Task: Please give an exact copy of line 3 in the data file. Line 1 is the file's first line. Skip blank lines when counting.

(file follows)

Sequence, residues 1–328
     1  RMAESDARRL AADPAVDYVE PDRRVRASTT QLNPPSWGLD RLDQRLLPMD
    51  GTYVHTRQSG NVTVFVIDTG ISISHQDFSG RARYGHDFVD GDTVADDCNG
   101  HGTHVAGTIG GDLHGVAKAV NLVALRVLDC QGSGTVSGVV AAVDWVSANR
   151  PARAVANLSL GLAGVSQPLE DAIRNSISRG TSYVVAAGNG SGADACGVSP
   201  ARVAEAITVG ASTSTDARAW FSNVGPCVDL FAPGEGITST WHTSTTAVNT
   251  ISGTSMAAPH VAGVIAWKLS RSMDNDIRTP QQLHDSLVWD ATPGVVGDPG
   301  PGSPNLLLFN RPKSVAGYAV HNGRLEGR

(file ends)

    51  GTYVHTRQSG NVTVFVIDTG ISISHQDFSG RARYGHDFVD GDTVADDCNG